N Korean leader’s brother was CIA informant: report

AFP and AP, SEOUL

Wed, Jun 12, 2019 - Page 1

Kim Jong-nam, the estranged half brother of North Korean leader Kim Jong-un who was killed in Malaysia in 2017, was a CIA informant, the Wall Street Journal reported yesterday.

The South Korean National Intelligence Service and Ministry of Unification, which oversees ties with North Korea, said they could not confirm the report.

Citing “a person knowledgeable about the matter,” the Journal said that Kim Jong-nam had met with CIA operatives several times.

According to the Journal’s source, there was a “nexus” between Kim Jong-nam and the CIA, but the paper said many details of his connection with the agency were unclear.

The source said Kim Jong-nam traveled to Malaysia in February 2017 to meet his CIA contact, but that might not have been the only purpose of his trip.

He died after being attacked at Kuala Lumpur International Airport on February 13, 2017, in a Cold War-style assassination that shocked the world.

Two young women, a Vietnamese and an Indonesian, were arrested and charged with the murder. They said they were tricked by North Korean agents into carrying out the hit and had thought it was a reality TV show prank.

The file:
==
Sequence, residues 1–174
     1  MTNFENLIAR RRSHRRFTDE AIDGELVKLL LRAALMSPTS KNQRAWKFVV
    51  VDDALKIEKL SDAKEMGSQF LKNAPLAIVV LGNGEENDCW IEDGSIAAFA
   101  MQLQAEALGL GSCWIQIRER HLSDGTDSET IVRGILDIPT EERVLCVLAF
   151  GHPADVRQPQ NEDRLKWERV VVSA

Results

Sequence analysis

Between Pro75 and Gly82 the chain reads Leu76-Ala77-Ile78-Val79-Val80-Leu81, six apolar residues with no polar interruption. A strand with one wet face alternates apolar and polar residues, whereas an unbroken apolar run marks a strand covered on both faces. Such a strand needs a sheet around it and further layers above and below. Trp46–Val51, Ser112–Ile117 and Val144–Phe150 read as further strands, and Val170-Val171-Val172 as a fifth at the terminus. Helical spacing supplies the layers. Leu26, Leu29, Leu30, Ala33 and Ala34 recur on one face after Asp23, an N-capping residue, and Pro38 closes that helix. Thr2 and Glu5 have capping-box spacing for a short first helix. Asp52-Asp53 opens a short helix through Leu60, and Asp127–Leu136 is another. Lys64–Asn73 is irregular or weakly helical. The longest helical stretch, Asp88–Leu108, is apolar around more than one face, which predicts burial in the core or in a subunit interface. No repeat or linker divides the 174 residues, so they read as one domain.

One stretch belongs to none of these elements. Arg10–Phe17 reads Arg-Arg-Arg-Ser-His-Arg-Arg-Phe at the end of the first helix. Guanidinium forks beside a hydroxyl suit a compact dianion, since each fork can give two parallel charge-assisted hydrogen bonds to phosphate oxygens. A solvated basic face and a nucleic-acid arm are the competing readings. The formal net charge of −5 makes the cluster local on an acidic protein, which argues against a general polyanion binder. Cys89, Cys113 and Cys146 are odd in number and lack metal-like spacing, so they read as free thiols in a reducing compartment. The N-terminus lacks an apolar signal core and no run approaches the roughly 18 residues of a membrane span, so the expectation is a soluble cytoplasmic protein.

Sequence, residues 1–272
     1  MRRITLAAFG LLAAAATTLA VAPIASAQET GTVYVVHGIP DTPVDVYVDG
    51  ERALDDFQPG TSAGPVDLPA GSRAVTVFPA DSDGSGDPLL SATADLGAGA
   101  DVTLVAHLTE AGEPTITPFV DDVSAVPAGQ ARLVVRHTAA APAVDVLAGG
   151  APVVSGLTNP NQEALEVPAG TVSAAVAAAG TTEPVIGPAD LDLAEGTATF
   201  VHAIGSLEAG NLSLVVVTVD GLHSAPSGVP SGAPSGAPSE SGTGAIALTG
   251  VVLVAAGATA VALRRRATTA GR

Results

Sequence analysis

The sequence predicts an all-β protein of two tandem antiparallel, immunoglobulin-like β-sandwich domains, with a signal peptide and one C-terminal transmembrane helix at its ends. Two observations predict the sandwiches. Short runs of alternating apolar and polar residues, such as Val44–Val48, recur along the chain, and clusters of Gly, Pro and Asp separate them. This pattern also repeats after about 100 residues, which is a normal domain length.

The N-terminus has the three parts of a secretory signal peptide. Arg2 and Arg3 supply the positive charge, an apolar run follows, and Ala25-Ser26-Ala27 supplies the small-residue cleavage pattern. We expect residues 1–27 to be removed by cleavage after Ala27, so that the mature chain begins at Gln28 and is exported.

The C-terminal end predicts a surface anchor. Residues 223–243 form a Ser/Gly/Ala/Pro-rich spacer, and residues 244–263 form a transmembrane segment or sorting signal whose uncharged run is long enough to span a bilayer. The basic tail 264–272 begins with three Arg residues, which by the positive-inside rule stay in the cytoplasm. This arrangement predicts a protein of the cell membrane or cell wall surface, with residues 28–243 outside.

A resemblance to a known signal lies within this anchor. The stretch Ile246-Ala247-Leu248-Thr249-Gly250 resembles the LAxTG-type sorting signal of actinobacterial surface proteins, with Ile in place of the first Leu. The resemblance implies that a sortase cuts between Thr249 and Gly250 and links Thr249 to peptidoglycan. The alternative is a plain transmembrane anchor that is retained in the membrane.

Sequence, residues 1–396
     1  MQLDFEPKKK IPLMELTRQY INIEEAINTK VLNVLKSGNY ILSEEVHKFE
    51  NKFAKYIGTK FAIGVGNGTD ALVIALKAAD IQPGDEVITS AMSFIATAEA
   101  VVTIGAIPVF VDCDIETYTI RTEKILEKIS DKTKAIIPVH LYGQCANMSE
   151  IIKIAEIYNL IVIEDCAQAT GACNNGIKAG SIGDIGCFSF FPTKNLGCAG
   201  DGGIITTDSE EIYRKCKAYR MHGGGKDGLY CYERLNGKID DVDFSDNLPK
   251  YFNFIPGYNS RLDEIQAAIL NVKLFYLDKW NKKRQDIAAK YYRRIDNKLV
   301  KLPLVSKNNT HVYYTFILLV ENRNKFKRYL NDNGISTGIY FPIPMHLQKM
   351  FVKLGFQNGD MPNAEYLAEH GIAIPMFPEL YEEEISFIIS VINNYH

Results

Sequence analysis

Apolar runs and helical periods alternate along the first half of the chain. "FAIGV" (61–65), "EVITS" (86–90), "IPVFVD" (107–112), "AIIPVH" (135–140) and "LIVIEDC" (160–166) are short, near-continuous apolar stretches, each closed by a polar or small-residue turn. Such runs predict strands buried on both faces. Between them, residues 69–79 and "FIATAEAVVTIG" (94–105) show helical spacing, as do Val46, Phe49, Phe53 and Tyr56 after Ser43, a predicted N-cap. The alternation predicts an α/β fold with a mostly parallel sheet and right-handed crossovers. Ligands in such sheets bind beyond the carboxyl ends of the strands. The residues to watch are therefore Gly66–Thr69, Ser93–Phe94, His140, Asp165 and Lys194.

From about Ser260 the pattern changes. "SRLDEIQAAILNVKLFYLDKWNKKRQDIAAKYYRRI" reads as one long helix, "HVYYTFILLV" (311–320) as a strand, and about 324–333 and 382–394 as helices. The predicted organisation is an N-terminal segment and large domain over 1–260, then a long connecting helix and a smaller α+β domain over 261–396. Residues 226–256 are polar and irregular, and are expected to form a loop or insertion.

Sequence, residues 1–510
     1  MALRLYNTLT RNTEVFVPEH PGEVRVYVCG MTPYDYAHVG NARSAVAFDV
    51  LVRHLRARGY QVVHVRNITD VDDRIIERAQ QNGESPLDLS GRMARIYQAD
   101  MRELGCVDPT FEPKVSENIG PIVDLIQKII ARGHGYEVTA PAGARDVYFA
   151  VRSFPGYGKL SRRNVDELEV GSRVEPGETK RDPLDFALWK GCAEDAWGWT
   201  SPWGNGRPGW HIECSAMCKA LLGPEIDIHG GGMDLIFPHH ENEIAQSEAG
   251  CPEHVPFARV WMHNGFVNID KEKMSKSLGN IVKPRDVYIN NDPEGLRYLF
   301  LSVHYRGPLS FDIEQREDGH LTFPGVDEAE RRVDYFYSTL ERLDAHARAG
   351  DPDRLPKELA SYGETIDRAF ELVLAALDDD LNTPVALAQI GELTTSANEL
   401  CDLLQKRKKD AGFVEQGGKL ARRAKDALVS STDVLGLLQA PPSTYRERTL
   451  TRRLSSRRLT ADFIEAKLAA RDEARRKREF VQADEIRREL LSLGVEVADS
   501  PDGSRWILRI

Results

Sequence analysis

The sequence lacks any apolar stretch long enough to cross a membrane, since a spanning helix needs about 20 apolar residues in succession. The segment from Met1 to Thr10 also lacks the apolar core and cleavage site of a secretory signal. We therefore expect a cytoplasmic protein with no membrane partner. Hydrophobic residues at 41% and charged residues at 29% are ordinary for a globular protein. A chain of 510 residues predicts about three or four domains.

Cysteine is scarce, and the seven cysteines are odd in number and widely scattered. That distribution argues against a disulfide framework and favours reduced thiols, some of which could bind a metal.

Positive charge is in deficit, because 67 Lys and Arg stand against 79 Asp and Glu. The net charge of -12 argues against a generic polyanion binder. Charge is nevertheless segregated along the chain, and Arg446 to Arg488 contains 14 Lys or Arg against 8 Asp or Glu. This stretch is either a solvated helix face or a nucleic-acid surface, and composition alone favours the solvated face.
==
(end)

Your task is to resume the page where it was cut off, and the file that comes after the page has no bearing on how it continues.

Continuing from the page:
Malaysian prosecutors eventually dropped the murder charges against them: Indonesian Siti Aisyah was released in March, while Vietnamese Doan Thi Huong was freed last month.

Once seen as heir apparent to the North’s leadership, Kim Jong-nam apparently fell from grace after being deported from Japan in 2001 for trying to enter on a forged passport to visit Tokyo Disneyland.

Since then he had been living in virtual exile, mainly in Macau.

“Several former US officials said the half brother, who had lived outside of North Korea for many years and had no known power base in Pyongyang, was unlikely to be able to provide details of the secretive country’s inner workings,” the Journal said.